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Marmite Debate

 
 
Wilso
 
  2  
Reply Mon 14 Apr, 2014 12:40 am
Marmite is just a poor imitation of Vegemite.
Wilso
 
  2  
Reply Mon 14 Apr, 2014 12:44 am
These are crumpets.
http://i59.tinypic.com/69e4wl.jpg
0 Replies
 
Wilso
 
  2  
Reply Mon 14 Apr, 2014 12:48 am
@chai2,
chai2 wrote:

That's why I said "sort" of like biscuits.

I looked at various receipes, and googled "scones vs biscuits" and the general agreement was that they are kind of similar.



Not even on the same planet.
These are scones. Closer to bread than biscuits. Closer still to an Australian bush tucker called "damper".

http://i57.tinypic.com/1624407.jpg

roger
 
  1  
Reply Mon 14 Apr, 2014 12:55 am
@Wilso,
They look exactly like biscuits. Do you speak British and say 'biscuit' when you mean cookie?
Wilso
 
  2  
Reply Mon 14 Apr, 2014 01:21 am
@roger,
roger wrote:

They look exactly like biscuits. Do you speak British and say 'biscuit' when you mean cookie?


Probably. Don't get me started on the American treatment of the English language.
roger
 
  1  
Reply Mon 14 Apr, 2014 01:55 am
@Wilso,
Well, you want a cookie around here, don't ask for a biscuit.
0 Replies
 
Setanta
 
  2  
Reply Mon 14 Apr, 2014 02:19 am
Scones are a drier, harder version of what Americans call biscuits. You can have my share of the scones.
Wilso
 
  1  
Reply Mon 14 Apr, 2014 03:21 am
@Setanta,
Setanta wrote:

Scones are a drier, harder version of what Americans call biscuits. You can have my share of the scones.


I can only assume Americans don't know how to cook them. A scone isn't supposed to be hard.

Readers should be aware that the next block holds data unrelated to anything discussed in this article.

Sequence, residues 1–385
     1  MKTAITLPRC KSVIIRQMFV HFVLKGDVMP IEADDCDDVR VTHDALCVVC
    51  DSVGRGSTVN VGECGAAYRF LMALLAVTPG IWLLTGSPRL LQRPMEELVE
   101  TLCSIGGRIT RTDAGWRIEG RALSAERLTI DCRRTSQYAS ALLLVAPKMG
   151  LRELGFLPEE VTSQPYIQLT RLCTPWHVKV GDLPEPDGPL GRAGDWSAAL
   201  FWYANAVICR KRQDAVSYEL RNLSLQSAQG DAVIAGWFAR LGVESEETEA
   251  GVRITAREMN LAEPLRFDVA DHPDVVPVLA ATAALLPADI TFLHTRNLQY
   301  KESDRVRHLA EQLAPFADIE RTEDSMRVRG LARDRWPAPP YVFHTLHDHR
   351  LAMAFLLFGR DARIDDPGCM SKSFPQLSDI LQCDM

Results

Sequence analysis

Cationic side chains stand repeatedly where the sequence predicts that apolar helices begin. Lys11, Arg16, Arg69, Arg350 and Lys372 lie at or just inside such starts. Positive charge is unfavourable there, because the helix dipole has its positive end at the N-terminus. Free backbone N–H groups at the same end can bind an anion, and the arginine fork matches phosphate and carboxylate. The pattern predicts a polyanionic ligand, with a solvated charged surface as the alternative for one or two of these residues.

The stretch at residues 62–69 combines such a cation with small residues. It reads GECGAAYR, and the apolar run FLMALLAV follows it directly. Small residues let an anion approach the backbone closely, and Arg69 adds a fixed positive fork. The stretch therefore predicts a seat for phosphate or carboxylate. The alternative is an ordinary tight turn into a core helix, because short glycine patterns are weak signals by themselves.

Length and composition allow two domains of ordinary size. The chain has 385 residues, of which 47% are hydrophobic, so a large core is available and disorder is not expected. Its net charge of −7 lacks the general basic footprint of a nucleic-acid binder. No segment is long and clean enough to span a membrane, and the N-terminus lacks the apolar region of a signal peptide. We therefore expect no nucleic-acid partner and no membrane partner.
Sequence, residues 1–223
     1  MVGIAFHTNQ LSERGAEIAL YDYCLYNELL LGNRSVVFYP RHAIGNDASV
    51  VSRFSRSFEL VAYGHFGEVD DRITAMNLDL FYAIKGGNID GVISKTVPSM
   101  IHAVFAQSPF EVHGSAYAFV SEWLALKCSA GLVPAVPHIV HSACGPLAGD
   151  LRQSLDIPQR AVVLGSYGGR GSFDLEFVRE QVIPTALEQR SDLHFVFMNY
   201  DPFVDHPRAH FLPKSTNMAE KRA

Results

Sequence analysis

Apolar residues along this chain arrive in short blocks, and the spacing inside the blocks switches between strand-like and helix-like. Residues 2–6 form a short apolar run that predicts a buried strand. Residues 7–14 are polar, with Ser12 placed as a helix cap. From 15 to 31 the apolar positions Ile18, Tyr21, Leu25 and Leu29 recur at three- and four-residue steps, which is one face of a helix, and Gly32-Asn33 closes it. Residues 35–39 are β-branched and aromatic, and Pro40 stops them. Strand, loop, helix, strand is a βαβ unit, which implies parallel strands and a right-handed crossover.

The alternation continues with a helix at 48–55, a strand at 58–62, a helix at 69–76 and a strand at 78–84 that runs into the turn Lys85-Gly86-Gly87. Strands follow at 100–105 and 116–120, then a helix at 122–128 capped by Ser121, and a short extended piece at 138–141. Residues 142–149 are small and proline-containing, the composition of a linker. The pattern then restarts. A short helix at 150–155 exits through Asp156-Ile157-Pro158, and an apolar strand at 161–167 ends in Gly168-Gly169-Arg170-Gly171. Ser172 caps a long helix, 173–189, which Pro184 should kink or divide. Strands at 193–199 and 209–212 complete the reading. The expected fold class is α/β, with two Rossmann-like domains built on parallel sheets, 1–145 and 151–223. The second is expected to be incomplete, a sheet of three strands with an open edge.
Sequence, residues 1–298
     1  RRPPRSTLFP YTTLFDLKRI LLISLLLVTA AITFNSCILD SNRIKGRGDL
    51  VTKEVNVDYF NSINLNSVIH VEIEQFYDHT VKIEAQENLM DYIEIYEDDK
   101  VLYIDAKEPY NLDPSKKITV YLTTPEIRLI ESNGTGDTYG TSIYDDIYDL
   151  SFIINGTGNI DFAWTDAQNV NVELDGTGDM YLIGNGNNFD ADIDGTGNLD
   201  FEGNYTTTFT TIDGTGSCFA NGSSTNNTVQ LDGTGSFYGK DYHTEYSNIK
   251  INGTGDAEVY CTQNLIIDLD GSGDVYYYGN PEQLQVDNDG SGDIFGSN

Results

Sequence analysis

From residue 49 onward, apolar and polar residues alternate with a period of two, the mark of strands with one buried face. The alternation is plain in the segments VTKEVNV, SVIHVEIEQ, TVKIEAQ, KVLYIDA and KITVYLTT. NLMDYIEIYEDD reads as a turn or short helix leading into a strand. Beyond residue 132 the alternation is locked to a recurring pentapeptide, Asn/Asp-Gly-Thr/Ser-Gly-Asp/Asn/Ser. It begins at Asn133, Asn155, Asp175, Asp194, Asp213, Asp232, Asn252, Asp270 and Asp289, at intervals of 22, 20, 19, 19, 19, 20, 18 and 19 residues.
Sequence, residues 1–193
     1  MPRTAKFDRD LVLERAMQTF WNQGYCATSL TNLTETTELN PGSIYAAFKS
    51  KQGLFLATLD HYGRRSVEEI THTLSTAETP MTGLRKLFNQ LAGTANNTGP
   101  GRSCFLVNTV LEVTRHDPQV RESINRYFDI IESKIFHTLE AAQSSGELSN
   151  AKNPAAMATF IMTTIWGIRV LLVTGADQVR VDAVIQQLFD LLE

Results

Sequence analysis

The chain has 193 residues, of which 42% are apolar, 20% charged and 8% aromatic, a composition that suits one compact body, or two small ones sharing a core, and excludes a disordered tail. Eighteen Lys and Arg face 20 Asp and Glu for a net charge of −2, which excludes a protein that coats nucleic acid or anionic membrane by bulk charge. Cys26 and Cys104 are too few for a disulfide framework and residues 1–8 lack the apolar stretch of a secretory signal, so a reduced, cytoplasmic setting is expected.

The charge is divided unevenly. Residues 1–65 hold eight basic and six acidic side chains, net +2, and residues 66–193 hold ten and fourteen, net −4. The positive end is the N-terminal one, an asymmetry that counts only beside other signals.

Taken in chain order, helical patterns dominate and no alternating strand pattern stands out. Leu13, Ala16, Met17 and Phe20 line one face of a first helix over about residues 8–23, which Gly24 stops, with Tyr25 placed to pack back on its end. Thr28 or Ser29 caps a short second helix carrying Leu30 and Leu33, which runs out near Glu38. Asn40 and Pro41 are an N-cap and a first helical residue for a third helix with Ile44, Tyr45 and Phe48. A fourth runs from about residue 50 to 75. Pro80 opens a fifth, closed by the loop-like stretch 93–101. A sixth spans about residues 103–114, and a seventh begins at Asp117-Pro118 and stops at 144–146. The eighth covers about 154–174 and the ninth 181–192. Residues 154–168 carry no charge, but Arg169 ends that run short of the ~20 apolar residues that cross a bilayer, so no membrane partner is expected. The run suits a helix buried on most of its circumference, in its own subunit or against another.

0 Replies
 
Setanta
 
  1  
Reply Mon 14 Apr, 2014 03:31 am
I didn't say they were hard, i said they are harder than biscuits, as biscuits are known in the United States. Yes, i'm sure that we don't know anything about anything that comes from outside the United States, as so many here are fond of asserting so often.
0 Replies
 
Setanta
 
  1  
Reply Mon 14 Apr, 2014 03:32 am
A well-made scone is also drier than a well-made, American style biscuit.
Wilso
 
  1  
Reply Mon 14 Apr, 2014 03:38 am
@Setanta,
Setanta wrote:

A well-made scone is also drier than a well-made, American style biscuit.


I'll have to try what you call biscuits. Don't where I'm going to get them from though.
Wilso
 
  1  
Reply Mon 14 Apr, 2014 03:44 am
From Wiki. I never knew anything about this until today.

Variations in meaning[edit]
In Commonwealth English, a biscuit is a small baked product that would be called either a "cookie" or a "cracker" in the United States and sometimes a "cookie" in English-speaking Canada.[1] Biscuits in the United Kingdom, the Isle of Man and Ireland may be savoury (savoury biscuits are often referred to as "crackers") or sweet, such as chocolate biscuits, ginger nuts, custard creams, or the Nice biscuit. Although in Commonwealth Nations, the term "cookie" may be synonymous with "biscuit", a cookie is generally a softer baked product.
In the United States and Canada, a "biscuit" is a savory quick bread, somewhat similar to a scone, though eggs and sugar are not used in the dough. Leavening is achieved through the use of baking powder and sometimes a small amount of baking soda is added as well. Biscuits are usually referred to as either "baking powder biscuits"[2] or "buttermilk biscuits" if buttermilk is used rather than milk as a liquid. A Southern regional variation using the term "beaten biscuit" (or in New England "sea biscuit") is closer to hardtack than soft dough biscuits.[3]